The mechanisms responsible for the galaxy diversification make what can be called “galactogenesis”. Understanding the details of galactogenesis should help us classify the observed objects, to build up a synthetized picture much easier to confront to tractable models.
Galaxy evolution goes through transformation processes. They are well known and can be gathered into five main categories.
This is the most basic process by which an ensemble of baryonic matter gathers together into a self-graviting object. This process is obviously strongly favored by Dark Matter Halos, but there is no real reason why it might not happen independently. This is not so important here, since we are interested not in the detailed process, which can take many forms (yes, another source of diversity), but on the general physical mechanism by which some gas, dust or stars end up into something corresponding to the definition of a galaxy. Naturally, this is the very first process in the history of the Universe that make galaxies appear. This transformation process is generally qui short with respect to the age of the Universe.
2. Secular evolution
I define secular evolution as the evolution of a galaxy in isolation. This does not prevent the galaxy to change, since at least stars are ageing anytime, transforming the global color into a redder and redder one. But this is not all, some stars do also explode, modifying the metallicity of the interstellar medium, instabilities can change their orbits, the gas may also be affected by shocks, and new stars can form from gas and dust clouds. The complexity of galaxies implies that two identical galaxies will very probably evolve differently. The differences might no be obvious to observe, would not justify the definition of two distinct classes, but this is arbitrary and depends on the level of details we are interested in. The time scale of the secular evolution is slow.
Galaxies are flying in a gravitational field populated by other galaxies. Since gravity is a force of infinite range, interactions of galaxies must be very frequent, especially when the Universe was younger and denser. Interactions are now known to have significant and even dramatic influence on many properties of galaxies. This transformation process is a huge source of diversification for two reasons. The first reason is because the impact parameters have an infinite number of possible values. The second reason is due to the complexity of the galaxies, making consequences of the same interaction to vary very much even with very similar galaxy pairs.
When a galaxy catches a baryonic object not classified as a galaxy, we call this process an accretion. It is necessarily a transformation since the galaxy, at least, has acquired more mass. But it has also acquired more gas, dust or stars, that unavoidably change the global composition of the galaxy. Of course, if the accreted material is tiny with respect to the galaxy, this transforming process can be neglected (and would remain probably undetectable).
When the accreted object is a galaxy, then we have a merger. It is minor if the accreted galaxy is smaller, and major if masses are comparable. A single minor merger or a single small accretion can be ignored, but if this transformation process is repeated, then the consequences are obvious. Indeed, this is the way massive galaxies around us are supposed to have “formed” in a purely hierarchical scenario. Galaxy growth is thus sometimes quite continuous and regular. At each step, the differences remain unnoticed, but at the end there is really a necessity to separate small galaxies (like dwarfs) from massive ones. But are only two categories enough? Probably not, even though there is no absolute number of categories, it depends on the use and on other parameters to describe galaxies.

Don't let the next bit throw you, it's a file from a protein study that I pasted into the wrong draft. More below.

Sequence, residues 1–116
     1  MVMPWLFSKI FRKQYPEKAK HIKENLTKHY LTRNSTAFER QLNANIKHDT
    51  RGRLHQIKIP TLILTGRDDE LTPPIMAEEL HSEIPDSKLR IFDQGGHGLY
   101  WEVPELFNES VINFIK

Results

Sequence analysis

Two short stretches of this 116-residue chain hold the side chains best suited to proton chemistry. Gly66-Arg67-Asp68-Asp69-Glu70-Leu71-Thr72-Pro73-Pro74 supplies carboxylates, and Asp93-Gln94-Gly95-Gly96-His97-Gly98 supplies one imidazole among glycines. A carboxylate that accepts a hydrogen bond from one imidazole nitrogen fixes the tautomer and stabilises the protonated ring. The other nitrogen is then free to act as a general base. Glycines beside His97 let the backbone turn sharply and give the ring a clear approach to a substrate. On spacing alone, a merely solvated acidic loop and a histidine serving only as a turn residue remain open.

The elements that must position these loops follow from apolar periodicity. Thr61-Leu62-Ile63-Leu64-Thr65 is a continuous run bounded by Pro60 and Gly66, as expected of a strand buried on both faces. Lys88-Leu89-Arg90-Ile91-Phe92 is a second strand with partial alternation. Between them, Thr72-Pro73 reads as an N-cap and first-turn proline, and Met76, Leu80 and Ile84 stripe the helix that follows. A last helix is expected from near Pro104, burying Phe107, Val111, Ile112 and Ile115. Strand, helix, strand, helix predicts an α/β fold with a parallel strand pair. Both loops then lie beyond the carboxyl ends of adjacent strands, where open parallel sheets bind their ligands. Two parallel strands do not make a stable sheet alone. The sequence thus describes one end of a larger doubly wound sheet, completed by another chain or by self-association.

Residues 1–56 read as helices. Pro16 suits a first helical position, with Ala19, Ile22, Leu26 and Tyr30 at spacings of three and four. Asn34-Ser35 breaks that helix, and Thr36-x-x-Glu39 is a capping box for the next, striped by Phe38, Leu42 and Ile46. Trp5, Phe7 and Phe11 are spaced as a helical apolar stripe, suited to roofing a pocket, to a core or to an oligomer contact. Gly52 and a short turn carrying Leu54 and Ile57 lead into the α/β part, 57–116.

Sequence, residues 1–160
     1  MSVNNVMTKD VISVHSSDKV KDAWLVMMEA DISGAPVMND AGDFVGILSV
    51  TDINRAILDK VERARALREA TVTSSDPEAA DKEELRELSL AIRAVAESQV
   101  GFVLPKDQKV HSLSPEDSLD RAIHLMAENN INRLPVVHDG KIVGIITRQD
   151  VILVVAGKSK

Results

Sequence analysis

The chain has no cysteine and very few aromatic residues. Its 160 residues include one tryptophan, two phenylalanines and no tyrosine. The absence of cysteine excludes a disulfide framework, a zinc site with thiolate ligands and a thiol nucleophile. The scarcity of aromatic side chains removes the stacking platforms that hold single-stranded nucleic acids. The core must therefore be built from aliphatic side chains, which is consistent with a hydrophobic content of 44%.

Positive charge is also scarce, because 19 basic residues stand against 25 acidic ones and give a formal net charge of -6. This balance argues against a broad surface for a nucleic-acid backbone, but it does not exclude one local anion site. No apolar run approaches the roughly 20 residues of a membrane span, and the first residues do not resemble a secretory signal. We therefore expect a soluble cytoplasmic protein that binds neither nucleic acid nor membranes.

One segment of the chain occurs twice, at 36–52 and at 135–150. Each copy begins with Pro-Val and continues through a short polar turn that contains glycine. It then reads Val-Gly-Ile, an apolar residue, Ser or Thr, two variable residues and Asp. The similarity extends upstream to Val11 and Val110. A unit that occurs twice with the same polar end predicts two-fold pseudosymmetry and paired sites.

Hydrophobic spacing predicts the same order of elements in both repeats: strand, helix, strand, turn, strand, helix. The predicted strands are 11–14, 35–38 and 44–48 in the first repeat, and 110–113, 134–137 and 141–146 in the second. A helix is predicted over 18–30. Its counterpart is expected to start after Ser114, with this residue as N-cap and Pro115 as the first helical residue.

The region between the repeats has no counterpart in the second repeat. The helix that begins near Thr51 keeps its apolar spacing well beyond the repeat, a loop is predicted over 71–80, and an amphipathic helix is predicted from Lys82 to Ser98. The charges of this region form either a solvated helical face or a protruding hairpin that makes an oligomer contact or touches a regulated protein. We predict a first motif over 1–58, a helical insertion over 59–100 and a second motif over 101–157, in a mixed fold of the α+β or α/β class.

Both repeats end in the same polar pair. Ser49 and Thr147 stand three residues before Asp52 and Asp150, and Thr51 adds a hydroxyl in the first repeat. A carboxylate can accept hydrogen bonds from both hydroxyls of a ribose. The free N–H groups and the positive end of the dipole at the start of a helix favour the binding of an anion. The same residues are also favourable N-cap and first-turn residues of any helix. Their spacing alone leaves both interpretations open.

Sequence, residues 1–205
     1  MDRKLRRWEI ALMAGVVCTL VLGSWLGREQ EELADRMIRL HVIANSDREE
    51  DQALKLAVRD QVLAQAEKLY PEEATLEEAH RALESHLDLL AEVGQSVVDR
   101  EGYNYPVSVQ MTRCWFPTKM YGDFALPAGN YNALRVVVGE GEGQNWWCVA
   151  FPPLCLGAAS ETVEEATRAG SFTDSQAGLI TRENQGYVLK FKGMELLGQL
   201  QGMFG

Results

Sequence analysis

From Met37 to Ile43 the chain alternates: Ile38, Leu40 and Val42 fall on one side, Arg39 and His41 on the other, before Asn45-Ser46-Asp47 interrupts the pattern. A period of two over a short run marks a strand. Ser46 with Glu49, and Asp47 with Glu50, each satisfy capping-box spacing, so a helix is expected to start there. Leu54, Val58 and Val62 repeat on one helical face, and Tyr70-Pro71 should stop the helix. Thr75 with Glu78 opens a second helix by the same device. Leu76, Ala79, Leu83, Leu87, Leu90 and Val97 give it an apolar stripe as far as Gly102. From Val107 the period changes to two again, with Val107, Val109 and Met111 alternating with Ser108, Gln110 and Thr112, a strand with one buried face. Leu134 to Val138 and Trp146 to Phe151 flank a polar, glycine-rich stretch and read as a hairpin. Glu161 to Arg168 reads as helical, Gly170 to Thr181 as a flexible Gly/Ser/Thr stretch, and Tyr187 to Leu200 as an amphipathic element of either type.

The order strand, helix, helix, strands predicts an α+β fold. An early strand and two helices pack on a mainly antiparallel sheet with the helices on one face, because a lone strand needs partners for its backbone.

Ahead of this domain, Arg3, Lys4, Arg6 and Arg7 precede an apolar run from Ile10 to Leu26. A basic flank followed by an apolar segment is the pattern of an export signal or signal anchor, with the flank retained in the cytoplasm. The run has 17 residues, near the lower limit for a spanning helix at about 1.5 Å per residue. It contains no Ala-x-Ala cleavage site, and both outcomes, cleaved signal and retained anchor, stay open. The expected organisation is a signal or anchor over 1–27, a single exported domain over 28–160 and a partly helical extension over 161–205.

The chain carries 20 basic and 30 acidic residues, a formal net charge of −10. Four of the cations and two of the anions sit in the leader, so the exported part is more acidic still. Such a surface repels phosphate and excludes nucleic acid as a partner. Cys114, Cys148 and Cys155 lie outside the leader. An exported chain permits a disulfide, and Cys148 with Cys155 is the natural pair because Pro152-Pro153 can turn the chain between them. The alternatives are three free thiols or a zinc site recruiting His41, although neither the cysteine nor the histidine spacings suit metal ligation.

Major mergers are a good illustration of galaxy diversification, a good case that shows that galaxy “evolution” is not linear. It is more obvious in the case of two similar spiral galaxies. The result is known to be generally a galaxy of elliptical shape. Hence, two galaxies have disappeared, have died, and a new one appeared. If we put the two spirals in the same class, then another class appeared, at least when this transforming process first occur in the Universe. From one class, we end up with two class, we have increased the diversity.
Hence, the accretion/merging transformation process is certainly very frequent and relatively quick.
These processes are the opposed phenomena to the previous one above. Sweeping affects essentially the gas by ram pressure, while ejection involve mainly stars by kinematical perturbations. The tidal effects appear during interactions or major mergers, the ejected material can later form a galaxy. We know such newly born (assembled) objects as tidal dwarfs. They are a good illustration of diversification, and of the fact that galaxy formation is not only primordial, and is really a continuous process resulting from the transformation of galaxies and more generally of baryonic entities self-graviting or not.
It must be clear now that galaxy evolution is nothing else than transformation. More than that, during any of the transforming processes, the constituents of galaxies are transmitted to the new object, with modification. Galaxy diversification proceeds through a transmission with modification scheme. This justifies to look at phylogenetic tools to study more adequately the Universe.